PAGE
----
Jump to content
Brian Enos's Forums... Maku mozo!

Gun Reviews


Wesquire

Recommended Posts

So the better I get at shooting (still not that good), the more I find gun review articles and videos to be worthless. Here's my idea of a review that would be useful to competition shooters and the average plinker (they care more than many think):

-Get a group of 3 shooters of about the same skill level

-One shoots primarily polymer striker fired guns, one shoots mainly DA/SA & SAO guns, and one mainly shoots revolvers.

-All the reviews shoot each gun in the reviews

-They all shoot classic classifiers and drills like el pres or a steel challenge stage

-They shoot each classifier 5 times each and take the average for each reviewer

-The results can be compared to other guns in the same niche.

I know this would still be far from perfect, and less useful than actually shooting the guns....it just seems like the only gun reviews I can bare to read or watch are geared more towards subjectivity, brevity, and humor. Is there any hope for a good empirical gun review system?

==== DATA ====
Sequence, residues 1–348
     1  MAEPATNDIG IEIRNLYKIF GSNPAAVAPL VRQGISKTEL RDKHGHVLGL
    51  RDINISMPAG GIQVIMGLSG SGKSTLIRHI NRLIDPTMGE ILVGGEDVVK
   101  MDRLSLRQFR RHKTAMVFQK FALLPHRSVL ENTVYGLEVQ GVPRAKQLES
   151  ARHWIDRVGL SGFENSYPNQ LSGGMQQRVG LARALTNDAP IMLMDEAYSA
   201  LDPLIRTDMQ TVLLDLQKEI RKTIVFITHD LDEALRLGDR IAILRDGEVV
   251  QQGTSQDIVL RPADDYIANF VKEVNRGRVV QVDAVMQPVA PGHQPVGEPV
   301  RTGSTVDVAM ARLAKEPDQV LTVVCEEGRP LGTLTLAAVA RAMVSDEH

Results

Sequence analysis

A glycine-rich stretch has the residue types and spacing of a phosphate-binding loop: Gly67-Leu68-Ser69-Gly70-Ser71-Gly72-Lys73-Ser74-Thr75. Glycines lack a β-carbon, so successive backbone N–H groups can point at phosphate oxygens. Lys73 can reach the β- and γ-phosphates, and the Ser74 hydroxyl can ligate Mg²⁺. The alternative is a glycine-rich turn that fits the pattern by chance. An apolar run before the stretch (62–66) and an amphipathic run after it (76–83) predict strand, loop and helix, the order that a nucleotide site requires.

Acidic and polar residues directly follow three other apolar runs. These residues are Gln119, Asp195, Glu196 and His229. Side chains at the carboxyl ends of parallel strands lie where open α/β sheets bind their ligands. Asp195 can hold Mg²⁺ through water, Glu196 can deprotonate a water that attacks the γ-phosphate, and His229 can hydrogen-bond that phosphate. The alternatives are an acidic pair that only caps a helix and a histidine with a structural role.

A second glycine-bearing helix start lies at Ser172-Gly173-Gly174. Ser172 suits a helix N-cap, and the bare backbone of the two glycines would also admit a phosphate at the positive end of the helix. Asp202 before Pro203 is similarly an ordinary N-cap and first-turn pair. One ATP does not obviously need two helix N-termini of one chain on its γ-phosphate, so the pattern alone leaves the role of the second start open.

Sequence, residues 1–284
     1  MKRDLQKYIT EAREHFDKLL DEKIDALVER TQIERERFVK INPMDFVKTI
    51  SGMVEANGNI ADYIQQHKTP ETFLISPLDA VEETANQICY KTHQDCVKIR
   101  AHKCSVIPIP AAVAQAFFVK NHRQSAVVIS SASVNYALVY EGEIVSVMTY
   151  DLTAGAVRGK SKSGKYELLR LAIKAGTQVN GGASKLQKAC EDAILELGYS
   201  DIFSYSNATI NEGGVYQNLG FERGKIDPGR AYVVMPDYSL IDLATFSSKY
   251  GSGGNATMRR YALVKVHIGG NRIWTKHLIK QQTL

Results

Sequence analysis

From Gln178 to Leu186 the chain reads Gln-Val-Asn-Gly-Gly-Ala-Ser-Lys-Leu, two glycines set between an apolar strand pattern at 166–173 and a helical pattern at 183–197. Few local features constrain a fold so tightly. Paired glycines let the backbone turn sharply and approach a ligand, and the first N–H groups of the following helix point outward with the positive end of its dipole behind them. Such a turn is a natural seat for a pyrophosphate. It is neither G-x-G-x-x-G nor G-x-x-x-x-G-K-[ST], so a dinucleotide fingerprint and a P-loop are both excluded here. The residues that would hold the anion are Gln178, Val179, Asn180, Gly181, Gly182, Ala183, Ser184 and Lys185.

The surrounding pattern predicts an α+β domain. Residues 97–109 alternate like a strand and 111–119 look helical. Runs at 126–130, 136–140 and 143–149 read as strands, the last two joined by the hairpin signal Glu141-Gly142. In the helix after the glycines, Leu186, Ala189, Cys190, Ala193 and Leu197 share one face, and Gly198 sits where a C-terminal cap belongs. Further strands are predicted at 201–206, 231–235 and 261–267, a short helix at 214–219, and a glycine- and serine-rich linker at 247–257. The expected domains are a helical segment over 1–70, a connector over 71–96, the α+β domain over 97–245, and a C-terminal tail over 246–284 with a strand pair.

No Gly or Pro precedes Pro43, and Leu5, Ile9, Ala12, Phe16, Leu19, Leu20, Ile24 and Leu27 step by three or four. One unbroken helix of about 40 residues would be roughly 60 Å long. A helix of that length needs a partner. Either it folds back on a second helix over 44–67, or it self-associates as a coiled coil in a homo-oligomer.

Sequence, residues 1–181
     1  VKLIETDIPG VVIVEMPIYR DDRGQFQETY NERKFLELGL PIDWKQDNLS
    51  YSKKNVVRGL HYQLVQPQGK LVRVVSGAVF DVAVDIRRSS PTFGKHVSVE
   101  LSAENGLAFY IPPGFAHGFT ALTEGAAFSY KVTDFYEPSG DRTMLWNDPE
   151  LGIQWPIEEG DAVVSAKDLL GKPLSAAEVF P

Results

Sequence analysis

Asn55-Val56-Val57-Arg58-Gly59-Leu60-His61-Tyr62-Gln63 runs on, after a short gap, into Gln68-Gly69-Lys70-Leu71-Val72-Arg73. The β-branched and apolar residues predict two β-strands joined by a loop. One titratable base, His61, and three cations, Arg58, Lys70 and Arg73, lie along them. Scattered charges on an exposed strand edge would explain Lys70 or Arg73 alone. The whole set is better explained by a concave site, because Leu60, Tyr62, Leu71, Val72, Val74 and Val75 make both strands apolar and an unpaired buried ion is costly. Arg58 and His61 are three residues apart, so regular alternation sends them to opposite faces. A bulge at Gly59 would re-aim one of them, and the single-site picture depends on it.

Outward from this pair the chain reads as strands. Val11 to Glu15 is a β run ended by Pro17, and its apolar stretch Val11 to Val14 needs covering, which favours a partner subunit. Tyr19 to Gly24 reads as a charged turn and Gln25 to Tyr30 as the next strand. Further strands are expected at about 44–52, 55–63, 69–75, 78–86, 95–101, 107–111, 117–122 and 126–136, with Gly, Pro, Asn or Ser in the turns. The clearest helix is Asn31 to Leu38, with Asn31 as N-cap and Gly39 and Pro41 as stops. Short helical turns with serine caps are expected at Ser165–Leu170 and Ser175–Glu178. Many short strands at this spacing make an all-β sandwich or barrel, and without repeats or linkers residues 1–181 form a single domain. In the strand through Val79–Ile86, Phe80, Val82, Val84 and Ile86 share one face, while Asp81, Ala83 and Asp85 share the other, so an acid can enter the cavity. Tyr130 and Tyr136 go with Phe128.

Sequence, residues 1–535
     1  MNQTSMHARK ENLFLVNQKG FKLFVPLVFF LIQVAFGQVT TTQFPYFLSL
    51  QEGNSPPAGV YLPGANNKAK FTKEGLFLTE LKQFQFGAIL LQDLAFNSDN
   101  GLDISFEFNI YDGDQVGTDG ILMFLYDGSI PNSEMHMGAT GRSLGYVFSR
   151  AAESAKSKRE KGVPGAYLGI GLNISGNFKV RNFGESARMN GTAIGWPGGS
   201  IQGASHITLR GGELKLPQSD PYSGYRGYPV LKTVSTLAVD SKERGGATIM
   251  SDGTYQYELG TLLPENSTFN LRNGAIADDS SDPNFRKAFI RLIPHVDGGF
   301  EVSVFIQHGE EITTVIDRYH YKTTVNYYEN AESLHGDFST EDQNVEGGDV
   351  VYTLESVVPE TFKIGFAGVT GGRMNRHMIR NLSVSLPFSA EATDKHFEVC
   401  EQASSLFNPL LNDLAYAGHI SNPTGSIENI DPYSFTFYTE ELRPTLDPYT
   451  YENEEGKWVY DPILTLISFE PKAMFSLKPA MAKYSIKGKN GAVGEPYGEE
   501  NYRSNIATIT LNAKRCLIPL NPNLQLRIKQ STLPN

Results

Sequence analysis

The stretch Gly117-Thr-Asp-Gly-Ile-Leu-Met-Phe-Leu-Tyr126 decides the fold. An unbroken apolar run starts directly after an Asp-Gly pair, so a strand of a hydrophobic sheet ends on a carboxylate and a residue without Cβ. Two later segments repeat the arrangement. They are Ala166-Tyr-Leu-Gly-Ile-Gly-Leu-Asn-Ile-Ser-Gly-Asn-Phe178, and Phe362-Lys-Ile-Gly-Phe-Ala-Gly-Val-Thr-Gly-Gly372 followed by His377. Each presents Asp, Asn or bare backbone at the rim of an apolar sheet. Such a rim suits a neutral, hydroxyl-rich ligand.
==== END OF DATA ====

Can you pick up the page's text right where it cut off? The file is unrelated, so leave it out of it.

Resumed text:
Link to comment
Share on other sites

The problem with using a logical method for reviewing a firearm is it is not generic enough for manufacturers. They love a review that basically reads the specs of the gun that you can find on their website put into 1000 words. I mean honestly.. how many really BAD reviews published in a magazine or on a website have you found? Sure, you can read reviews people put on a message board, but then you get 100 haters agreeing and 100 fan boys arguing and you still feel like you have no clue what to think. Gun manufacturers love those generic and useless reviews.. only way to know if you will like a gun is to shoot it yourself.

Link to comment
Share on other sites

The BEST reviews I've ever seen are right here, reading the posts, on BE. :cheers:

Real discussions by people who are using these guns for 10-20,000 rounds

per year. :surprise:

Priceless. :bow: :bow:

What he said. ^^^^^^^